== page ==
X Has Been A Crypto Scam-Filled Failure For Elon Musk — Now What?

X Has Been A Crypto Scam-Filled Failure For Elon Musk — Now What?

  • Today, Elon Musk’s X has become a crypto scam-filled failure. The bots he once fought against have become integral part of the X platform.

When Elon Musk was forced to purchase Twitter in 2022 for $44 billion, he claimed that there were a couple of specific reasons for the move: First, he would destroy the bot-nets that had become a norm on the platform, and second, he would bring free speech back and transform Twitter into the internet’s ‘town square.’

Unfortunately, both of those promises have failed to materialize. Indeed, one of them — the idea that Musk would get rid of the bots — can be viewed in real-time, an epidemic of bots replying with ‘░P░U░S░S░Y░I░N░B░I░O░,’ crypto scams, offers of drugs, and unrelenting verified imposter accounts.

The current string of bots relies on mixing and matching different character encoding standards to avoid detection — a strategy that has, for now at least, worked shockingly well. 

A software engineer said that spam detection across all social media and video games “is a cat-and-mouse game that will never end,” implying that Musk will never defeat the armies of bots he’s promised to exterminate.

See Also: Elon Musk’s Tesla Adds Dogecoin Payments On Its Website, Is X Next?

Of course, the idea of ‘impossible’ has never stopped Musk. The richest man in the world is known for plowing huge swaths of his wealth into projects that won’t necessarily succeed, like Tesla and SpaceX. 

But can throwing money at the problems plaguing X (formerly Twitter) really solve them and allow Musk to create a new, vibrant, digital town square? Not only that, will he actually have the money to spend on the likely unprofitable venture?

Musk Is Fighting For His Life (If His Life Is $56 Billion)

It’s worth remembering how Musk was able to complete the purchase of Twitter in 2022. Not only did he borrow $1 billion from SpaceX to complete the acquisition, he also financed the majority of the buyout through loans with Morgan Stanley, Bank of America, and Barclay’s.

His equity partners include Jack Dorsey, Larry Ellison, and Saudi Prince Alwaleed bin Talal.

This means that before taking into account employees, infrastructure costs, and paying out creators on X, Musk has to shell out over a billion dollars in interest payments to his loan providers every year. 

Including all the other expenses, it’s hard to believe that X — which saw its revenue fall 54% to $1.9 billion last year — can be profitable now or any time soon.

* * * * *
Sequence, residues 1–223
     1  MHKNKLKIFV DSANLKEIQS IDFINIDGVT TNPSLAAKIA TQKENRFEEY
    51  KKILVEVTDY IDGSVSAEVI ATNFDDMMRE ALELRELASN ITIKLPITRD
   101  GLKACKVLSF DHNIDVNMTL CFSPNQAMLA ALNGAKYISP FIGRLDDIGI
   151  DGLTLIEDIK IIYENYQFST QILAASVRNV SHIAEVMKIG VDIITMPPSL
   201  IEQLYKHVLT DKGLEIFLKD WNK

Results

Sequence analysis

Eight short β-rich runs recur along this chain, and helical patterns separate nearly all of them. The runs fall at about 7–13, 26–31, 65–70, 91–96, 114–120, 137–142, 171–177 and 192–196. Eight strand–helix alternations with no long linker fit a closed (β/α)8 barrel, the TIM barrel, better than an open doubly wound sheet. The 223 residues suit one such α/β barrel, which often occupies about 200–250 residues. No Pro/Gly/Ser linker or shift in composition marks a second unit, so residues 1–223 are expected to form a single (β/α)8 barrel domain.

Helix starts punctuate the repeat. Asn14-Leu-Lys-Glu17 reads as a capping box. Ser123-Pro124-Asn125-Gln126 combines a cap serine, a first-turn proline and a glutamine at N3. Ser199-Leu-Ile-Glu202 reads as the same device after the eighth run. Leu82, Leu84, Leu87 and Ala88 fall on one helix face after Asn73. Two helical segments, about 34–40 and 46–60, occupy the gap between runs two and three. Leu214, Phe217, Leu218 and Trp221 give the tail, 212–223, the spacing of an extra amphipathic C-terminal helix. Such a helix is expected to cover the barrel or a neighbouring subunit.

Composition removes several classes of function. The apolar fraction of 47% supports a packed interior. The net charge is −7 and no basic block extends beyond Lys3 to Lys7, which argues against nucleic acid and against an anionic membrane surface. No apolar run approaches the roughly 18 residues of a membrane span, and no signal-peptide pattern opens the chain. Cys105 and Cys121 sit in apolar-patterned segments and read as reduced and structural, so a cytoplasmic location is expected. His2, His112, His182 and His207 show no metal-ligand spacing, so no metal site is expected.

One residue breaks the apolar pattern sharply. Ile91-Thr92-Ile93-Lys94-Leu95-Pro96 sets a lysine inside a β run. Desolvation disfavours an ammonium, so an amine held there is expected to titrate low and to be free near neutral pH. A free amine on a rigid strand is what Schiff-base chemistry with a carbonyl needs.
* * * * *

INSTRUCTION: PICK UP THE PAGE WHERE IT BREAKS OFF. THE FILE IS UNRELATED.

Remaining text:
However, Musk has been a little distracted by his numerous other ventures and mounting legal issues, most importantly a massive payday of $56 billion that’s been denied to him due to a ruling by Judge Kathaleen McCormick of the Delaware Chancery.

Judge McCormick characterized Tesla’s board of directors as “supine servants of an overweening master,” with the board almost immediately authorizing a re-vote on the payment plan to shareholders and Musk suggesting that Tesla would quickly re-incorporate in Texas.

But Musk’s problems don’t end with the Delaware Chancery. 

The much anticipated CyberTruck, of which only about 4,000 have been delivered, was recalled after a customer had the pedal cover on the accelerator slip and wedge itself in such a way that the gas pedal would remain down even after someone lifted their foot off of it. 

Last month, sport and culture website Defector aptly ran the headline “Cybertruck Deliveries Halted Due To Car Being A Big Piece Of Shit That Doesn’t Work.”

Most recently, Musk laid off 10% of the company, including the entire Tesla charging team — despite Tesla becoming the go-to charger of choice for EVs throughout the US.

Tesla was added to the S&P 500 index in December 2020. Since then, the company’s share price is down almost 20% while the S&P is up almost 40%. This means that Tesla is one of the poorest performers in the S&P 500.

Will Elon Ever Sell X?

It’s unclear what Musk plans to do if he doesn’t receive his $56 billion pay package — though he’s claimed that without the money, staying on at Tesla as CEO is out of the question. 

The richest man in the world apparently has 411 million shares of Tesla, with about half of those pledged as collateral for loans he’s taken out.

So, if Musk does decide to divest himself fully from Tesla in the event that he isn’t given his pay package, it means that he’ll likely have to (and want to) begin to sell his shares. 

Even if he slowly sells his shares to not put a lot of sell pressure on the stock, there’s little chance he’d be able to retain as much value as his supposed net worth — and it’s likely that if Musk steps down as CEO shares will continue to tumble.

Musk’s other ventures provide some ability for him to continue to earn money, but there’s no doubt that Tesla is his cash cow. 

All of this to say that, even if he isn’t valued at $200 billion after selling his Tesla shares, there’s little likelihood that he’d need to get rid of X in a fire sale. 

With tons of cash available, Musk could easily live the rest of his life with X bleeding money every year.

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